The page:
It would be nice if a “claw-back” could be built in to get back ALL executive bonuses for the last 5 – 10 years and implement NO golden parachutes to the extent that their retirement benefits are reduced to whatever the lowest-paid laid-off workers get and nothing more, until they bring the company back to profitability. That should give the execs pause before they do what the Polaroid execs did before bankruptcy.

    ALL future bonuses (to executives or others) should be contingent ONLY on profits from plug-in hybrid car sales.

    ALL executives and board members MUST take a “for credit” course from Jim Hansen on Climate Warming and failing the course should make them ineligible for ANY bonuses or even raises, not to mention promotion.

    Any company money spent by the company on lobbying against mileage standards or other global warming avoidance should make the CEO and CFO eligible for personal taxation at double the prevailing tax rates. Too many members of the current Supreme Court will have trouble with this due to the current idea that a corporation can be a “person.”

  25. Roger says:

    Many great ideas above. Also, instead of bailing out the bungling auto companies, let’s establish a TVA-style federal utility that will buy U.S.-made wind turbines, upgrade the grid, and offer clean, competitively-priced electricity with which to recharge all the plug-in hybrids. This will provide an economic boost while also helping to presere a planet in peril!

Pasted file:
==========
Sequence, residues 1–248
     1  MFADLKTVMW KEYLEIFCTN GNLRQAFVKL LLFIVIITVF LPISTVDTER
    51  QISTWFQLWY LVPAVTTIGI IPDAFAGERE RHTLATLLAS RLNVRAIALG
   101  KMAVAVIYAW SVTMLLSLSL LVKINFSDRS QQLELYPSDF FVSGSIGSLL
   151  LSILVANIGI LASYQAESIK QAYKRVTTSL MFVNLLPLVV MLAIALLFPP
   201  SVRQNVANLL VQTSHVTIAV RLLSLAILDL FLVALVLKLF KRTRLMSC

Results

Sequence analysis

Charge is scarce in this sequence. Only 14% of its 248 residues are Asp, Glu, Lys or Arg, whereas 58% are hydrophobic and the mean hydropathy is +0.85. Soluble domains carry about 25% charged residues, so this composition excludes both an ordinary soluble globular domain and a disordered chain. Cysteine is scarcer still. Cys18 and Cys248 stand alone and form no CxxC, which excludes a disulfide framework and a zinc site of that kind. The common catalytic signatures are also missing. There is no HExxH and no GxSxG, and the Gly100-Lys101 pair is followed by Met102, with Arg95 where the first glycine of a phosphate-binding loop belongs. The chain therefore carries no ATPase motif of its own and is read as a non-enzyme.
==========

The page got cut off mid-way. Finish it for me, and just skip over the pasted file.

26. Felecia - Detroit says:

    I understand the frustration with the auto manufacturers and unions. The problem is the executives are wealthy and even if they experience a significant lifestyle change will pretty much stay wealthy for the rest of their lives no matter what is decided. The union leaders will also be at least comfortable for some time to come.

    We keep referring to jobs, when we are in fact talking about people. If we consider that those jobs are supporting families, what happens to the children of those let go? How do they eat. How do we take such a large percentage of the revenue contributors of the country and turn them into service users (in the form of Medicaid, Food stamps, unemployment, etc) and still operate with the services this country, its states, counties and cities need to sustain EVERYONE? There is a city of 67,000 that had a plant closing that had to reduce it’s police force to 5 people. It is not near another city large enough to offer support. What will happen to Ohio, Pennsylvania, upstate New York, Wisconsin, Indiana, Illinois outside of Chicago and south eastern Michigan? Are we expendable because a few people (who’s parents and grandparents likely worked in manufacturing to educate them) find the whole process of change too slow and inconvenient?